Children are do anything they set their mind to. Scouring the internet, we find no shortage of kids with incredible talents. There’s the 11-year-old boy who can rock it with the best of them. There’s the 7-year-old Japanese girl who looks like a Karate master. And let’s not forget 9-year-old Evnika Saadavakass who looks certain to take home an Olympic gold one day.
That’s why when I heard about Gordon Ramsay creating a show called Masterchef Junior a few years ago, I could hardly wait. It’s been on the air for six seasons now and I always look forward to seeing what these pint-sized kids can whip me (and put me to shame in the process).
More recently, I’ve started watching some of his other shows; Hell’s Kitchen, Restaurant Nightmares and Hotel Hell. It’s like night and day.
With kids, Ramsay is a kind, caring chef who helps children believe in themselves and is always eager to lend a helping hand when things go awry in the kitchen. Contrast this to how he deals with adults, it’s intense.
Ramsay has never been one to mince words. That’s what made him famous. People wanted to see him rip people a new one. In this age of political correctness, Ramsay is a blast of the past where teachers ruled their classes with an iron fist, and where coaches didn’t give one iota about their students being tired, cold, or hungry.
Make no mistake about it, there are times when people go too far. It’s a thin line and one parent know too well. As I’ve told my son a thousand times, I hate getting angry, but I do it out of love. I want my son to grow up to be a strong, independent individual capable of making choices on his own. That means standing up for himself, not crumbling under pressure, and having the confidence to do what he thinks is right. That means teaching him right from wrong and holding him to a high standard. In my household, I don’t expect perfection, but I do expect all of us to continually work to be better, myself included.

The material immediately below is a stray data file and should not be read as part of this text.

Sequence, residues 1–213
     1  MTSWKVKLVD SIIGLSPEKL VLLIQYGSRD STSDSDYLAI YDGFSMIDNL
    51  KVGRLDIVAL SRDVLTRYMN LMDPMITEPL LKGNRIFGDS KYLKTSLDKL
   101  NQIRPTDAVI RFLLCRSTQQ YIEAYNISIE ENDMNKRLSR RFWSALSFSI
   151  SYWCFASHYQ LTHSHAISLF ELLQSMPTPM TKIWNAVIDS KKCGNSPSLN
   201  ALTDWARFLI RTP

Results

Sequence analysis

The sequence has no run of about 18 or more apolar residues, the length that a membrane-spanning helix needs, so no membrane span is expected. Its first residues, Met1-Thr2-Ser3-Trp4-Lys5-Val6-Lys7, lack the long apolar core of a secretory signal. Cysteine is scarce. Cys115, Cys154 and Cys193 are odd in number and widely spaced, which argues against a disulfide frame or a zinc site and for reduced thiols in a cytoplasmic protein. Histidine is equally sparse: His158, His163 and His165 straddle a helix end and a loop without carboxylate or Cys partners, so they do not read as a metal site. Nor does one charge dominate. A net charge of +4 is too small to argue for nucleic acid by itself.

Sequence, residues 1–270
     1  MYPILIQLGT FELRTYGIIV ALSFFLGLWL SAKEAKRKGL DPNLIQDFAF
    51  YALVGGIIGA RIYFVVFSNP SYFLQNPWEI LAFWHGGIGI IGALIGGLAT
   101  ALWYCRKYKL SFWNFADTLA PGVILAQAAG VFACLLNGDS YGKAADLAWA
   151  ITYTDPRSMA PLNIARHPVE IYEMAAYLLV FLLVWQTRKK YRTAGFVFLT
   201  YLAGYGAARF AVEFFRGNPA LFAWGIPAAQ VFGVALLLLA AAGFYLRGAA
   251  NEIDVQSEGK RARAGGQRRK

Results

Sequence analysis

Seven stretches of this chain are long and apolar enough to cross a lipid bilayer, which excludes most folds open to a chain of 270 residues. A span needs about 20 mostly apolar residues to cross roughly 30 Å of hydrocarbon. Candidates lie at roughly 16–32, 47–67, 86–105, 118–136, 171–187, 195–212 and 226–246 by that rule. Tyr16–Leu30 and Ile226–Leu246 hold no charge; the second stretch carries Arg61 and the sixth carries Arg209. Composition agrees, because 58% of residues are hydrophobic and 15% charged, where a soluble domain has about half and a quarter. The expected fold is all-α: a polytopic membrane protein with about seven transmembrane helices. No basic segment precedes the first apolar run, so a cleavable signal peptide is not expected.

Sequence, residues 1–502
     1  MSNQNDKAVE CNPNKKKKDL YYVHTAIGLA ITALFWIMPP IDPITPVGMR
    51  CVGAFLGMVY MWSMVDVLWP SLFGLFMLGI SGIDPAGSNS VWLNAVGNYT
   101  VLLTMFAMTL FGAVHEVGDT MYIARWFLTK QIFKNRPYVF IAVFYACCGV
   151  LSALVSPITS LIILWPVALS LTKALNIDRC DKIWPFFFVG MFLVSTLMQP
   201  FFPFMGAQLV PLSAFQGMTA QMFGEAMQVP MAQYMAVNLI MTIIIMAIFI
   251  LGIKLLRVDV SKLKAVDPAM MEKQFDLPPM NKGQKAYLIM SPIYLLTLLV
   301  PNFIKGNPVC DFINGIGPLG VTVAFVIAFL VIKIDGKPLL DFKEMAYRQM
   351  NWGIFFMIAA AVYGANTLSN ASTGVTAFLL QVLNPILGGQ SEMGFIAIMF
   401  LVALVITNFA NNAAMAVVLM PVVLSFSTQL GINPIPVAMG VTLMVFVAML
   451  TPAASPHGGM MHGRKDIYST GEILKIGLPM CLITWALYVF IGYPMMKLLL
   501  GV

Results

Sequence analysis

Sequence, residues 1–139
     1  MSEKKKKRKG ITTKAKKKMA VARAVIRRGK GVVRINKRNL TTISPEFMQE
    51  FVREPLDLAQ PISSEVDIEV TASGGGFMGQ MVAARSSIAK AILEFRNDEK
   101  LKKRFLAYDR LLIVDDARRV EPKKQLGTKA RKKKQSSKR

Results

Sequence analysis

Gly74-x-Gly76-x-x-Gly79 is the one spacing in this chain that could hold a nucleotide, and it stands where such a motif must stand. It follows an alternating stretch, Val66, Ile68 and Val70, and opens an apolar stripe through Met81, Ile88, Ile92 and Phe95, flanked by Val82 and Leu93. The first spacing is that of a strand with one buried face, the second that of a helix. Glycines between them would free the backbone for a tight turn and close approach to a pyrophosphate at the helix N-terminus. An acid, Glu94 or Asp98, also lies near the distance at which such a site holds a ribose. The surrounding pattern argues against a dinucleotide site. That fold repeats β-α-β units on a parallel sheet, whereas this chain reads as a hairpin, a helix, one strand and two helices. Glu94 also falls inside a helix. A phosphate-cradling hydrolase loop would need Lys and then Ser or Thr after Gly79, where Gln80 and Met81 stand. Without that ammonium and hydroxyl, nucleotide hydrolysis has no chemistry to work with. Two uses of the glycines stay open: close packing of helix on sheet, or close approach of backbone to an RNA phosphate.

What I love about Gordon Ramsay is he does the same. He truly wants people to succeed. He loves food and it shows. He wants to give his customers the best. His kitchens are immaculate. Spotless, not a hint of dirt anywhere. His kitchen staff are like a well-oiled machine. Everyone knows their job, and there’s no slouching if you work for Ramsay. The results speak for themselves. With 35 restaurants worldwide and a total of seven Michelin stars, Ramsay is synonymous with quality.
Like Ramsay, I aim to give my clients the best. I give my clients 100%, and the days that I fail, I find a way to make it up to them. When mistakes happen at my office, I apologize, even for those, I didn’t make, because as an owner, I am responsible for my staff.
What I find remarkable though from watching Ramsay’s shows is just how much people are in denial. They blame the failure of their restaurants or hotels on any number of issues, save one – them. Accepting that we’ve made mistakes.
People who have met me think I’m stuck-up. I get that. I want the best, as I aim to give people the best. But the best doesn’t come easy. We have to work at it, hard. It takes time and effort. There are no shortcuts in life.
Will Durant once said, “We are what we repeatedly do. Excellence, then, is not an act, but a habit.” Ramsay epitomizes this. He put in years of hard work day in and day out, working his way up to reach where he is today.
I invested years of my life learning everything I could about personal development and time management from the likes of Tony Robbins and Brendon Burchard.
Brian Tracy once said, “The harder I worked, the luckier I got.” He’s right. While luck does play a role, hard work is the real secret to success and that’s never going to change. Ramsay is proof that if you put in the time and effort, good things happen. And that’s the real lesson people should take away from his shows.
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